Twitter reveals security blunder, asks users to change their passwords

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330 million Twitter users around the world have been urged to change their account password after a glitch resulted in some of them being stored in plaintext format inside the company network. How many and for how long, they didn’t say.

Twitter password bug

Twitter password bug

“We mask passwords through a process called hashing using a function known as bcrypt, which replaces the actual password with a random set of numbers and letters that are stored in Twitter’s system. This allows our systems to validate your account credentials without revealing your password. This is an industry standard,” Twitter CTO Parag Agrawal explained.

“Due to a bug, passwords were written to an internal log before completing the hashing process. We found this error ourselves, removed the passwords, and are implementing plans to prevent this bug from happening again.”

He noted that their investigation showed no indication of breach or misuse by anyone, but it’s laudable that they’ve decided to inform users about this when they could have just deleted the log in question and kept mum about it.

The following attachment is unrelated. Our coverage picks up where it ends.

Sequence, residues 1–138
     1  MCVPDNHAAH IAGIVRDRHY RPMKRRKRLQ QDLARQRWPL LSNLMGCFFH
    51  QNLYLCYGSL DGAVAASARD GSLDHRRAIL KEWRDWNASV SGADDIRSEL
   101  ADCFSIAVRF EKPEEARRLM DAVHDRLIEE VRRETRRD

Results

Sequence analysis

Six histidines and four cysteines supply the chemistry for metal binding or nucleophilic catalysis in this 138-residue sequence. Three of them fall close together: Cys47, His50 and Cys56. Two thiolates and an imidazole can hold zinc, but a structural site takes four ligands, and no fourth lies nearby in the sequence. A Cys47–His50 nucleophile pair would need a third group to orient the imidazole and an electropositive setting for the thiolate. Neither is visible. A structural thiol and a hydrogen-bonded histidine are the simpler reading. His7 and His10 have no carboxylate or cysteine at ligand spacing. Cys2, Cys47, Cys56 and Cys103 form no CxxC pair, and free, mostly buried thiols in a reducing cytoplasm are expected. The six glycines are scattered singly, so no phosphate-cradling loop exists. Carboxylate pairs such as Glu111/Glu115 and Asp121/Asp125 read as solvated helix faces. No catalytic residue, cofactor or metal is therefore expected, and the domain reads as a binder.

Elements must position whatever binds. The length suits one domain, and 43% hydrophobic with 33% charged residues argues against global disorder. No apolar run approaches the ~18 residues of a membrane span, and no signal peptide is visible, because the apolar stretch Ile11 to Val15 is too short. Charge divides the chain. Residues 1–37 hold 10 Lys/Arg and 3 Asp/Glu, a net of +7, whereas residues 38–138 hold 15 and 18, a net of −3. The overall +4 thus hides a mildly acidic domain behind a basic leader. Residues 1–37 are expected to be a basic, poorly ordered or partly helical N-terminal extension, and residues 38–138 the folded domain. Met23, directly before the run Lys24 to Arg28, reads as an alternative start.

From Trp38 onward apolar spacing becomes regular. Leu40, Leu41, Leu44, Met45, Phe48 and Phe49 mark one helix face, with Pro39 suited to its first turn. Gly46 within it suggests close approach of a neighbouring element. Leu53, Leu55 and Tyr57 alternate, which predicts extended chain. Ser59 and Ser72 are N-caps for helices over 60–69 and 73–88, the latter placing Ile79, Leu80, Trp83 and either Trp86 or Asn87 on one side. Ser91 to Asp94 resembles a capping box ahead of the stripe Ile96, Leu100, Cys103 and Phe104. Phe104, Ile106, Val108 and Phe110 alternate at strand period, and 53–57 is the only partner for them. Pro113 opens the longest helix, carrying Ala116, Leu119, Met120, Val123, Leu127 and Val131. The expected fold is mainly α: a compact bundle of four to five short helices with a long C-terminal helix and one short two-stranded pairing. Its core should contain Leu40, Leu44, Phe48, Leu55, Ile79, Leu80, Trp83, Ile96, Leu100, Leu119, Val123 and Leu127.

Choosing a good password

Agrawal has advised users to change their Twitter password, choose a new, strong one and not to reuse it on any other account.

He has also urged users to use a password manager to create a strong and unique password and store it securely, and to enable login verification (aka 2-factor authentication) for added security.

Given that Thursday was World Password Day, this notification couldn’t have come at a better time, as users have likely been getting good advice about choosing and using passwords.

Agrawal’s advice is on point, as password reuse and phishing are a big problem. The former issue can be easily fixed by letting a password manager choose and store your passwords, and 2-factor or multifactor authentication is a good solution for the latter.